Insurance company Swiss Re recently released a bold but accurate statement on the growing metabolic health crisis. The paper identified metabolic health as a common primary origin of non-communicable diseases and discussed how to prevent this root cause to reduce claims and mitigate costs. It’s a remarkable acknowledgment of the role of metabolic health in our collective global health and its impact on the bottom line of healthcare broadly.
Swiss Re, based in Zürich, Switzerland, is one of the largest reinsurers in the world. In October 2023, the company released a nine-page white paper about leading causes of death. The paper authors noted a common root cause thread largely ignored: insulin resistance. Reinsurance is when one insurance company buys insurance from another insurance company to help transfer risk. Swiss Re has taken the stance that the healthcare industry could save trillions in costs and millions in lives annually by creating strategies to prevent insulin resistance instead of letting the condition progress untested or untreated into a health crisis.
“Modern medicine, particularly when it comes to chronic conditions,” wrote the paper’s authors, “often takes a siloed approach—focusing on treating a specific pathology, or single risk factors and signs (like hypertension) rather than more broadly considering and treating the root cause.”
Dr. John Schoonbee, the company’s chief medical officer, co-authored the paper—the first of a series—with Swiss Re’s former life and health researcher. And Levels Adviser Dr. Benjamin Bikman peer-reviewed the document.
The financial and physical costs of poor metabolic health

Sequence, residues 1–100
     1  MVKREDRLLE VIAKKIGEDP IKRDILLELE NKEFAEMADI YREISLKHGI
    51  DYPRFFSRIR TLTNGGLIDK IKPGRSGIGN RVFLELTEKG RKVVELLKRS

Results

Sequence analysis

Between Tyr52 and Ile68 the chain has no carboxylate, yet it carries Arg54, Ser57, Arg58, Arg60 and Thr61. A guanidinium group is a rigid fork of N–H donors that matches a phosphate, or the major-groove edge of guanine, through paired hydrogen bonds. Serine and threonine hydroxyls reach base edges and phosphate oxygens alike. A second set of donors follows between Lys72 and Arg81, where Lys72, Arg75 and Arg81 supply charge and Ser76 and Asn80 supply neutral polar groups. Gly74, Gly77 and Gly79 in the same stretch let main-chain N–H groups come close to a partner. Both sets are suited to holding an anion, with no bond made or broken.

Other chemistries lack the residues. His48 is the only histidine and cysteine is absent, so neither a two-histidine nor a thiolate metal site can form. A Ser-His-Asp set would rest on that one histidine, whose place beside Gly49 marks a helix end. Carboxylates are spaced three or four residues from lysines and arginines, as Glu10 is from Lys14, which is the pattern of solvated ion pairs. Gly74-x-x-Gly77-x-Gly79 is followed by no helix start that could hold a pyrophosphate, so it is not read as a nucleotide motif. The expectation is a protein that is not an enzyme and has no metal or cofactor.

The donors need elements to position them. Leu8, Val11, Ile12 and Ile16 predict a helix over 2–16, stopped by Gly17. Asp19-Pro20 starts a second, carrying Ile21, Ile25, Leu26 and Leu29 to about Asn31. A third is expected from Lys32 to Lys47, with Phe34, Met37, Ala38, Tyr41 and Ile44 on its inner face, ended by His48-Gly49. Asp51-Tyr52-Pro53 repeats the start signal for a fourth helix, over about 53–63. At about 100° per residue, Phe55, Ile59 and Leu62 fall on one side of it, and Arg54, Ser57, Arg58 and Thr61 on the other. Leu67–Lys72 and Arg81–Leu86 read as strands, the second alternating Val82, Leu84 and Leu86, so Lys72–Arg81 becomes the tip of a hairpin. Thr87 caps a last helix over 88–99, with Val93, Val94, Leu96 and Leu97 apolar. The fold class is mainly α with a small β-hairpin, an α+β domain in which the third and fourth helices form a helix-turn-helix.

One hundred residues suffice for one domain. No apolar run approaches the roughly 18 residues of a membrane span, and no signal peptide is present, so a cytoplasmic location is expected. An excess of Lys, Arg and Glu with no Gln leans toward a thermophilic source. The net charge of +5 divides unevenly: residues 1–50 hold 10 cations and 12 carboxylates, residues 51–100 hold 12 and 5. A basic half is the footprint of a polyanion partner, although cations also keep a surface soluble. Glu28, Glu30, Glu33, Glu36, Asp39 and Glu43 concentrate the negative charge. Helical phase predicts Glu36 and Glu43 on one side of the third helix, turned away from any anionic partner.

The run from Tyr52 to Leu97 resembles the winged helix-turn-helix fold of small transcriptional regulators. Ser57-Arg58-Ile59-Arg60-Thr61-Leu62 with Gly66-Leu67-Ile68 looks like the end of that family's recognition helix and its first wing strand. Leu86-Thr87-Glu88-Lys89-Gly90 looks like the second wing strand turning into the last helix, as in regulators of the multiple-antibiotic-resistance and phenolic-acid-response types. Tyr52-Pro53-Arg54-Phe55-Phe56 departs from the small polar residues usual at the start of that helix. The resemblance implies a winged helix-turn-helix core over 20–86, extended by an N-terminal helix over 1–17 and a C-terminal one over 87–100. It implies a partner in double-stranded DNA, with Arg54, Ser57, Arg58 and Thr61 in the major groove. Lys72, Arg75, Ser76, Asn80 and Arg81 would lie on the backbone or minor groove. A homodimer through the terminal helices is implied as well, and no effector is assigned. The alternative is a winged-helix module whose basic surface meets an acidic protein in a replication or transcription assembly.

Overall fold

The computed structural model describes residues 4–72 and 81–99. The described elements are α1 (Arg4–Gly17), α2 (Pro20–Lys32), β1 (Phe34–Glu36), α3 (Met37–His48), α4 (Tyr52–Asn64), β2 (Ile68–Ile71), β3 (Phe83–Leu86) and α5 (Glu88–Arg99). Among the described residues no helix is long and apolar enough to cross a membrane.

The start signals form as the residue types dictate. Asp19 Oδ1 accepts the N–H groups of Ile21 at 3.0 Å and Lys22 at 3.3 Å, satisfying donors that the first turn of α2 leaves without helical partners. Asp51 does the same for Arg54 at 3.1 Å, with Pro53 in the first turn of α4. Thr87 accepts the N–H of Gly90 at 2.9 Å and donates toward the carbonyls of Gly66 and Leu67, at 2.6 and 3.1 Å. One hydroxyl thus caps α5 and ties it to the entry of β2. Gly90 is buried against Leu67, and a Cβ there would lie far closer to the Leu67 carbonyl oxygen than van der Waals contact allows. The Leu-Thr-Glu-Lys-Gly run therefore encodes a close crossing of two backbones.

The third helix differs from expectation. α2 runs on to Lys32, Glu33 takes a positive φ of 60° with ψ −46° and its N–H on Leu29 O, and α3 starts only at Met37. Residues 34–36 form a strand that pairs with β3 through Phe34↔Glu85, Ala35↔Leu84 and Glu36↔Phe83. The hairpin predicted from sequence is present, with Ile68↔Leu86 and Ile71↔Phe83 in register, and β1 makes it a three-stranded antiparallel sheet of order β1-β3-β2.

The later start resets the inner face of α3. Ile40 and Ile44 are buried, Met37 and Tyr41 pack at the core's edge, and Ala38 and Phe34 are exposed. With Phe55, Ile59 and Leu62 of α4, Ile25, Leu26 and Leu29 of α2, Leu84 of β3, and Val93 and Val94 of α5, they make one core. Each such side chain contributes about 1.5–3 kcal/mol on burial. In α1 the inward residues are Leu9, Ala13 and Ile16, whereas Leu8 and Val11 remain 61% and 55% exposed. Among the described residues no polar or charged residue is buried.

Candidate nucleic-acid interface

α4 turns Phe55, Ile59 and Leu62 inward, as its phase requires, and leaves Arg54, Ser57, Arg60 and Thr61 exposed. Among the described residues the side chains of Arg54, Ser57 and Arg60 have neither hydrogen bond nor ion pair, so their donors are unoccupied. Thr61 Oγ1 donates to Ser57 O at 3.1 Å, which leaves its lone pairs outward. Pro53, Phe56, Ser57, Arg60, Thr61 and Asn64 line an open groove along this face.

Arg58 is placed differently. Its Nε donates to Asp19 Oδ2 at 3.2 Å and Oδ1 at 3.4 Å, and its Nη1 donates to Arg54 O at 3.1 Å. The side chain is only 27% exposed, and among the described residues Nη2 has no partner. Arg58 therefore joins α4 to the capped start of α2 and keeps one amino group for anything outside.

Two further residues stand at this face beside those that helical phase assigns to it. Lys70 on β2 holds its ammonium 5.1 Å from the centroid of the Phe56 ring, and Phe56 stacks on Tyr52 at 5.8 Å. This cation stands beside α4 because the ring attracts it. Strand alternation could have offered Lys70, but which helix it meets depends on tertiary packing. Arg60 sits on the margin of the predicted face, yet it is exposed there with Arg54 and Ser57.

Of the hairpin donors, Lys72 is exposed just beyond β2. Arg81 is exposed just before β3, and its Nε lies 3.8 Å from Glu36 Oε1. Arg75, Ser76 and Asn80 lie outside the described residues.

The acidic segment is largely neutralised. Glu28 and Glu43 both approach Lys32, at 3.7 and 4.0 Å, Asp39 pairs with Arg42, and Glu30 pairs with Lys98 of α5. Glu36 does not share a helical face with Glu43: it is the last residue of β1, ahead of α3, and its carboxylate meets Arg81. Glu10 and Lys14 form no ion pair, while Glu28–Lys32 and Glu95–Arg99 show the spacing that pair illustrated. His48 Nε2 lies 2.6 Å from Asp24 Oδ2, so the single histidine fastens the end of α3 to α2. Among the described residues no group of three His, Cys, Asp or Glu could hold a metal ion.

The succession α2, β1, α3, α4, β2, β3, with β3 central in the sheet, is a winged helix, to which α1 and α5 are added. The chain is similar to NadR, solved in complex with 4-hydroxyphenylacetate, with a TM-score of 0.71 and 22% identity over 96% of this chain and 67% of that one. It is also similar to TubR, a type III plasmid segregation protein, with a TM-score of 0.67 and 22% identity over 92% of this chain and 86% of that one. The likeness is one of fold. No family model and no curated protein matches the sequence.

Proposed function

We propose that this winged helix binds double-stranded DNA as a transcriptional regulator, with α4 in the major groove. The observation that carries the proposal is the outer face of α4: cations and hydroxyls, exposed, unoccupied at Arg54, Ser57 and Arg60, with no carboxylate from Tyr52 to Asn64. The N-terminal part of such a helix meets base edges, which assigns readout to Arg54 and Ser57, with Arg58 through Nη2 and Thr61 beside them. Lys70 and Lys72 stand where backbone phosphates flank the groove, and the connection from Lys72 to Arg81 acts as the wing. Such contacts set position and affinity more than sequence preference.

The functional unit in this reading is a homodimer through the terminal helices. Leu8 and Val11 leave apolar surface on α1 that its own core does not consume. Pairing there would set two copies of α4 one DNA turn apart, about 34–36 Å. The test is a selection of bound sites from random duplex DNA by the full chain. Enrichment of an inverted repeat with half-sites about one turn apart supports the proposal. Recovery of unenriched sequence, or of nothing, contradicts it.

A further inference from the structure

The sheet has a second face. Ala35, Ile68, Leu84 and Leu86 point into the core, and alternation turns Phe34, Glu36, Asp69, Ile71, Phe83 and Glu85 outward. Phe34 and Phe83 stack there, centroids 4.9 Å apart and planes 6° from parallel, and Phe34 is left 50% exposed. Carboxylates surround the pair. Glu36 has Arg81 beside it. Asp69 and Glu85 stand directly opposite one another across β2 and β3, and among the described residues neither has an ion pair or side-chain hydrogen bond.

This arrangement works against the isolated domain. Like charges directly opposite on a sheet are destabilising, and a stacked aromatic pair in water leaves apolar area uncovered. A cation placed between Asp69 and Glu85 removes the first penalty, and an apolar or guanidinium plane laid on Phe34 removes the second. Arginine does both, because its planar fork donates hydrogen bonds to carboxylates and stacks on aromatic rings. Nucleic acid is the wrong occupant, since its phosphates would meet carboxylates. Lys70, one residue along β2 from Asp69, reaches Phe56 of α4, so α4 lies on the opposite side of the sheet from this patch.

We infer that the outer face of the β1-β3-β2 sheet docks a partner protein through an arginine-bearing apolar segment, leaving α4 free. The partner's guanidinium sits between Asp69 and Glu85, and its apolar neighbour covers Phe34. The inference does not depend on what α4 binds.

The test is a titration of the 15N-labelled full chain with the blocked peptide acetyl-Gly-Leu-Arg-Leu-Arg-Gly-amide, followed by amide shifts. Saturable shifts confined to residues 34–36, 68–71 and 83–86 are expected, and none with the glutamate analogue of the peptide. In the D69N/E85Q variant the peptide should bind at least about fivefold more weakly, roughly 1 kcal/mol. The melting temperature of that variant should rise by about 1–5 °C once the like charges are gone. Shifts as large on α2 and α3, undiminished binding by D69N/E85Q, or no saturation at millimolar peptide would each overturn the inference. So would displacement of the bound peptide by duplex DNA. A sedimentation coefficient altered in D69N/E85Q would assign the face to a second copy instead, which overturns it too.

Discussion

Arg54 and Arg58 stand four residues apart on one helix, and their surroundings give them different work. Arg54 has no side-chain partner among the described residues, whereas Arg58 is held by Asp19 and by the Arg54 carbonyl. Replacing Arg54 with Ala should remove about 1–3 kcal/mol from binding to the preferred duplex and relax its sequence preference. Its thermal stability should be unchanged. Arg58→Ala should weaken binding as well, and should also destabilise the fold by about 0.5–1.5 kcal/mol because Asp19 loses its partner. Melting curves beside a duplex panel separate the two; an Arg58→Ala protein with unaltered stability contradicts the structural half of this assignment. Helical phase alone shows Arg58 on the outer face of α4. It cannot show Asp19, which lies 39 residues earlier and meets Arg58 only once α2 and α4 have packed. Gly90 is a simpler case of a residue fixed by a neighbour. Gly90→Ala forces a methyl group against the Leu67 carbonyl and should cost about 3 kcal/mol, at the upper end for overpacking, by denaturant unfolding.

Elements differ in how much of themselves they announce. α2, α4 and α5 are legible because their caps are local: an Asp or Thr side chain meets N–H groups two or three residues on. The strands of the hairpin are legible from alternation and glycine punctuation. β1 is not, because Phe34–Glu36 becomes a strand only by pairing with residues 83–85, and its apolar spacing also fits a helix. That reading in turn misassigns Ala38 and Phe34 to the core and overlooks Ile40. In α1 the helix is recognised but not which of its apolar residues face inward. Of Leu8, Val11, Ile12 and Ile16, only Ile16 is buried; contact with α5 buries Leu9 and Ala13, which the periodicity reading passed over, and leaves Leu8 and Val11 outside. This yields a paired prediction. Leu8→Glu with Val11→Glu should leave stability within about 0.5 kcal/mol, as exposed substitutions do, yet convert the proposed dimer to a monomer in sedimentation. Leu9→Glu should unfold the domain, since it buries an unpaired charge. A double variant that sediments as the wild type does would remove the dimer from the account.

According to the paper, poor metabolic health affects about half of adults globally and an even higher proportion in the United States. Nearly 75% of deaths result from non-communicable diseases. And, in high-income countries, poor metabolic health, which starts with insulin resistance, is a common root cause of the nine leading causes of death overall—eight of which are non-communicable diseases. This global metabolic health crisis costs the healthcare industry and families a combined total of more than $2 trillion per year.
“By helping to shift the health paradigm to include insulin resistance,” the authors wrote, “the insurance industry has the opportunity to not only improve the health of policyholders but also significantly reduce future claims for all lines of life and health business.”
Insulin resistance is testable, treatable, and preventable
Insulin resistance and related hyperinsulinemia (high insulin levels) affect every cell in the body. It is implicated in cardiovascular diseases, cancers, autoimmune disorders, dementia, and mental health issues. However, we can detect insulin resistance early and treat it with lifestyle changes to reduce the risk of many conditions.
“While we have known for 35 years that this clustering of conditions is very much associated with insulin resistance,” the authors noted, “the strategy and management of the syndrome has never focused on addressing this root cause.”
Instead of testing for insulin resistance, physicians generally test glucose levels. The authors argued that without insulin resistance testing, the healthcare industry is missing a crucial opportunity for prevention.
“Unfortunately, insulin resistance testing has not yet entered mainstream medicine,” they wrote. “By focusing on insulin, rather than glucose, we can detect elevations in insulin up to a decade before glucose starts to climb.”
Prevention, the authors noted, often involves various strategies, including reducing carbohydrate intake, modifying the types of carbs consumed, eating macronutrients in a strategic order, engaging in intermittent fasting, and even wearing a continuous glucose monitor.
“Continuous glucose monitors,” they wrote, “are particularly beneficial to create the awareness of what food and food orders/combinations create the largest glucose (and hence insulin) spikes.”
Here’s hoping this message from such a mainstream and global source helps fuel more action at the ground level.
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